Ray's solutions are geared towards eliminating one of the outgoing legs of the 240, but for wiring simplicity I thought using both legs would be easier. Hopefully I am explaining it correctly.
 
  #5  
Old 06-12-13, 12:50 PM
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Your way creates a multi-wire circuit which is a bit more complicated and I didn't see the need to make it more complicated since nothing you have said indicates a single 20 amp is less than you need.
 
  #6  
Old 06-12-13, 01:02 PM
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You can do what you have in mind with a standard 2-pole 240V 20A breaker inside. Better practice, IMO, is to replace the existing breaker with two single-pole 20A breakers with their handles joined with a handle tie. That will allow each circuit to trip on its own while still requiring that both will have to be turned off before any work can be done on either circuit.

You'll need to install a weather resistant GFCI receptacle in a weatherproof box at each location, and install an in-use cover over each receptacle. You may be able to find complete kits with the box, receptacle and cover for less than the cost of the individual materials.

My current outdoor thoughts was to just run conduit and 12-2 out of the disconnect in each direction and...
The conduit needs to be Schedule 80 PVC or EMT with compression fittings. 12-2 is a cable. Ordinary indoor cable - "Romex" - is not rated for use outdoors nor for use in conduit. You need to pull individual 12 AWG THHN/THWN conductors inside the conduit - black, white and green.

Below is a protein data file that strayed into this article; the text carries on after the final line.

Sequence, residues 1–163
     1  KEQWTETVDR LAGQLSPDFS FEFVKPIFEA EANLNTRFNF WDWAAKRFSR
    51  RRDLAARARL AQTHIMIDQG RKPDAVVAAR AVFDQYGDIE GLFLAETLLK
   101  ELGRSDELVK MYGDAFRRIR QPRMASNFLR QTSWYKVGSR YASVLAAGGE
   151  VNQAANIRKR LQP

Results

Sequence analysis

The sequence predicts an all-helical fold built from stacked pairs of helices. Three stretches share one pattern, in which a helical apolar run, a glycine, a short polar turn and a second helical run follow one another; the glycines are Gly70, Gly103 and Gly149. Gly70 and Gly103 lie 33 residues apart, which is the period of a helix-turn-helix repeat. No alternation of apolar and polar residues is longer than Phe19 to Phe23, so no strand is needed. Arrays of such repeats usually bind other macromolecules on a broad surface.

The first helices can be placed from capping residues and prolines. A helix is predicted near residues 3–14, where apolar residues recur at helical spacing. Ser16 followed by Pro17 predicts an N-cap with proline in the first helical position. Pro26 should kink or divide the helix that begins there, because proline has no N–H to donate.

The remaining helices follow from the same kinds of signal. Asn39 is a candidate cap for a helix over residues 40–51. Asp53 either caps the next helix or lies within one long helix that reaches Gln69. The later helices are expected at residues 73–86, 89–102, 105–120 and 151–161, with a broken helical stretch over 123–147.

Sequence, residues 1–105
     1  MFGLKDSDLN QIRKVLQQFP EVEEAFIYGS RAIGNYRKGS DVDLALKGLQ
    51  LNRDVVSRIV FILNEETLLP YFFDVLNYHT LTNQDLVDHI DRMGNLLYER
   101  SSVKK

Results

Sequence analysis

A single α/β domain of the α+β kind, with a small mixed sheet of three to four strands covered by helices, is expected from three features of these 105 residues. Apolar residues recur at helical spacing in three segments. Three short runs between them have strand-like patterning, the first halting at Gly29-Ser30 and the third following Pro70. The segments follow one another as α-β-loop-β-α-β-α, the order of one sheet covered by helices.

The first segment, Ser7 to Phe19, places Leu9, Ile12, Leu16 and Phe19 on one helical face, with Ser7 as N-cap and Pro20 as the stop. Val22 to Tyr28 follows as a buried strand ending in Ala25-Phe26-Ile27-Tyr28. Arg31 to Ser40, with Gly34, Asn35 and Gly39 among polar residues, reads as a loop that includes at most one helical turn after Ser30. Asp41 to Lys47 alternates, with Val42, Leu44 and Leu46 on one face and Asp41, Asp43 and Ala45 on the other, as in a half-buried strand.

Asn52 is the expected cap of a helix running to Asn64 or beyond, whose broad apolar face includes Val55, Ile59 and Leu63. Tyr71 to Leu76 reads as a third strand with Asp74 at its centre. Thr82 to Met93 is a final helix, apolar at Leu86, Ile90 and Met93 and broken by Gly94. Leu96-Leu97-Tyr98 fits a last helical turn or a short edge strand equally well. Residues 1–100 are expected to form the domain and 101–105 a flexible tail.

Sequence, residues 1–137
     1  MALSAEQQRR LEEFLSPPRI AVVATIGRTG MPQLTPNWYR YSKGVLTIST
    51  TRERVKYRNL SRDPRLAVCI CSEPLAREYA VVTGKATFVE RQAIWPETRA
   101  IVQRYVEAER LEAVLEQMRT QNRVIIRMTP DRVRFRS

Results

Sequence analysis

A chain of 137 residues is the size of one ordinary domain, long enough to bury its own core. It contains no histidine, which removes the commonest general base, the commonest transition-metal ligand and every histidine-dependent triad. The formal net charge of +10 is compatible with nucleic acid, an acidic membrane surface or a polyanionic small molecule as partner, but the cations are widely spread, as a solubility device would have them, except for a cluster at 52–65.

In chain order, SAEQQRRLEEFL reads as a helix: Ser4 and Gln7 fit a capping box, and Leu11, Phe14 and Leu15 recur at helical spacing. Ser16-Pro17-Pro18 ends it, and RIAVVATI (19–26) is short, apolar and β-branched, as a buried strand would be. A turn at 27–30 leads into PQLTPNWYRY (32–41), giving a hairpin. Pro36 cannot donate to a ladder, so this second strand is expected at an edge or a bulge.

#7  
Old 06-12-13, 01:38 PM
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I have some stuff left over from other projects that I was going to use if OK. 12-2 UFB wire I was going to put in the grey outdoor conduit and boxes (also leftover) with weatherproof covers and gfci outlets (also leftover).
 
  #8  
Old 06-12-13, 01:57 PM
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That may all work. The UF-b will be fine in the conduit. The conduit needs to be Schedule 80 PVC or EMT with compression fittings. Schedule 40 PVC is too fragile to use where it can be damaged. The GFCI receptacles need to be weather resistant devices. The covers must be in-use (bubble) covers.
 
  #9  
Old 06-12-13, 02:06 PM
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Thanks for all the help. I thought I had it all figured out sufficiently but I am by no means an expert and the advice is much appreciated.
 
  #10  
Old 06-12-13, 02:33 PM
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It sounds like you pretty much had it.
 
  #11  
Old 06-12-13, 02:35 PM
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With a multi-wire circuit you must use two GFCI receptacles. They must each be installed on the two separate 120 circuits as the first receptacle after it is split.